But Sanders raised the ante last month by calling for $16.3 trillion in government spending to address climate change.

Sanders, for his part, will have to explain how he would marshal the political will to turn that expensive pledge into reality—a problem that elicited a stinging rebuke recently from The Washington Post.

There’s also the question of whether Sanders would back the elimination of the filibuster, as Warren has done, to pass climate legislation.

Still, Warren has some pressure to respond to Sanders and his plan, which one notable climate activist called the “most ambitious” in the field (Climatewire, Aug. 23).

Warren, for now, appears to be taking the competition in stride.

A couple of days after Sanders rolled out his plan, her campaign posted a Twitter thread that dispassionately spelled out her multitiered approach to climate change.

“It’s going to take big ideas and bold, structural changes to achieve the goals of the #GreenNewDeal,” she wrote. “Climate change is an existential threat to all of us—and we need to act now.”

Will Biden embrace the Green New Deal?

When climate activists first proposed the Green New Deal, the idea attracted broad, bipartisan support—in part because voters still weren’t quite sure what to make of its vision of fighting climate change with a government-led jobs program.

The early spark was enough that six senators running for the White House jumped on board as co-sponsors of a resolution enshrining the plan’s goals.

Since then, the idea has lost some support, “particularly among conservative Republicans and regular viewers of the Fox News Channel,” according to polls and an analysis conducted by researchers with Yale and George Mason universities.

The idea has remained popular among liberals and Democrats, however. That dynamic could put pressure on Biden, the current front-runner.

Does he double down on his support of the plan to try and lock down the primary? Or does he keep the idea at arm’s-length in an effort to appeal to more conservative voters in a general election?

“We would love to hear more from Biden as to how he’s going to take immediate and bold action,” said Garrett Blad, a spokesman for the Sunrise Movement, the environmental group that’s championed the Green New Deal.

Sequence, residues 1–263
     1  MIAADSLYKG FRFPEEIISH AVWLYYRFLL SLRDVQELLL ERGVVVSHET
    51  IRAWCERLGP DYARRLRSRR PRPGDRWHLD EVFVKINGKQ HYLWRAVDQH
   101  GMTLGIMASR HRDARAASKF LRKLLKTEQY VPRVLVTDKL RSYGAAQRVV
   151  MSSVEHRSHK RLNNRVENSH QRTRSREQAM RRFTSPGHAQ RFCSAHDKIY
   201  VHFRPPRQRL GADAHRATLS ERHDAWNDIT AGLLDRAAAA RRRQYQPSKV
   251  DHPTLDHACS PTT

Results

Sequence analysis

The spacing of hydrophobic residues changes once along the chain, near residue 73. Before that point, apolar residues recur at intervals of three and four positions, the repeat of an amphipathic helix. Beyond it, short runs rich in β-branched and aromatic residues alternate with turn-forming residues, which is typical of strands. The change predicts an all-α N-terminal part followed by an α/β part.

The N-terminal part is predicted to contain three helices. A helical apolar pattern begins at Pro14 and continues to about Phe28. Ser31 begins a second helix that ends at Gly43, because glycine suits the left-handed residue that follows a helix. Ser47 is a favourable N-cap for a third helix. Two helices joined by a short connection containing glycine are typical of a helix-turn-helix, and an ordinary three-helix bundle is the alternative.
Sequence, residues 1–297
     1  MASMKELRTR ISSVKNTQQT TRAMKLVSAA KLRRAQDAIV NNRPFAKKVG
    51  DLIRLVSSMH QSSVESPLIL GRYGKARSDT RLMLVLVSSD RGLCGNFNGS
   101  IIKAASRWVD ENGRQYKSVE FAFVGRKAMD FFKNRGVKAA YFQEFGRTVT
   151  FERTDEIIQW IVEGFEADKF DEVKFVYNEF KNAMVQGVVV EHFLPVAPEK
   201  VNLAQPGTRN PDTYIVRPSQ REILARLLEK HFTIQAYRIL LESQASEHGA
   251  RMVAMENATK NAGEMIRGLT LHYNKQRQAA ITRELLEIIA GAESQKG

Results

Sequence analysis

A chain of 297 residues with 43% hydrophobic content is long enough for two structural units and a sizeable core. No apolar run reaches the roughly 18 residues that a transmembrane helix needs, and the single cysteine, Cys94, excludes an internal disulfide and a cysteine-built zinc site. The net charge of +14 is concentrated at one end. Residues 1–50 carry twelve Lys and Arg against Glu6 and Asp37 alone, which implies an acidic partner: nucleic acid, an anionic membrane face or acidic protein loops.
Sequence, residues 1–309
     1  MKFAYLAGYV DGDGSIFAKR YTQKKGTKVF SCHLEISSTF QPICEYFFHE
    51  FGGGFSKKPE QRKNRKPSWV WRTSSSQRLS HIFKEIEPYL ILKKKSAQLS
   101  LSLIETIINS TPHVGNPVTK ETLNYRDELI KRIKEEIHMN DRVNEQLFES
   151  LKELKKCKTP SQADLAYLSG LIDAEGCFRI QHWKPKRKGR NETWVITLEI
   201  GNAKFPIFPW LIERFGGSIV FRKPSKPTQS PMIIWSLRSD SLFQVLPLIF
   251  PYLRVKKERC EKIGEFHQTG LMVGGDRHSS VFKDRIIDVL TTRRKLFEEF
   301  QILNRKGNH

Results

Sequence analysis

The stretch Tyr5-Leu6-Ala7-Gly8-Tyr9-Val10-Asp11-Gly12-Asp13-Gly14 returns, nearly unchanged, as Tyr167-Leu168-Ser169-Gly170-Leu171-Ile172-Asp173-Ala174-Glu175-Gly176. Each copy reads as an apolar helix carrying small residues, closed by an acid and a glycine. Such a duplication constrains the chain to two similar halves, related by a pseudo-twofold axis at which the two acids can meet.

That includes what Biden would do to defang fossil fuel companies, he added. “We would love to see questions about that and how he would take on the industry,” Blad said.

The rollout of Biden’s climate plan in June provides some potential clues on how he might approach the Green New Deal at the CNN forum.

While supportive of some of the Green New Deal’s ideals, such as using climate change as an opportunity to create new jobs, Biden’s proposal mentions the Green New Deal by name exactly once.

Will carbon taxes get some love?

The Green New Deal, without question, has been the straw that has stirred the drink of climate politics these last few months.

But during the 2016 election, carbon taxes played a similar role—so much so that Sanders used the issue to question former Secretary of State Hillary Clinton’s commitment to fight global warming.

The lack of attention this cycle, however, doesn’t mean the idea has gone away.

Far from it.

Multiple Democratic candidates, from Biden to Buttigieg to entrepreneur Andrew Yang, have included the idea in their climate plans. Others, such as Warren and former Rep. Beto O’Rourke (D-Texas), have said they are least open to the prospect (Climatewire, July 30).

But for climate policy wonks, it won’t be enough for the candidates to simply say they support a tax on carbon emissions.

There are a whole host of questions that go into it. At what price per ton should it start? Which industries will bear the brunt? And how should the government spend the money it collects?

Some of the candidates have answered these particulars.

Former Maryland Rep. John Delaney, for example, would begin his carbon tax at $15 per ton and increase it annually by $10. He then would return the revenue to taxpayers.

But other candidates, such as Biden, have been less specific about their plans, and the CNN forum could force them to release new details.

Reprinted from Climatewire with permission from E&E News. E&E provides daily coverage of essential energy and environmental news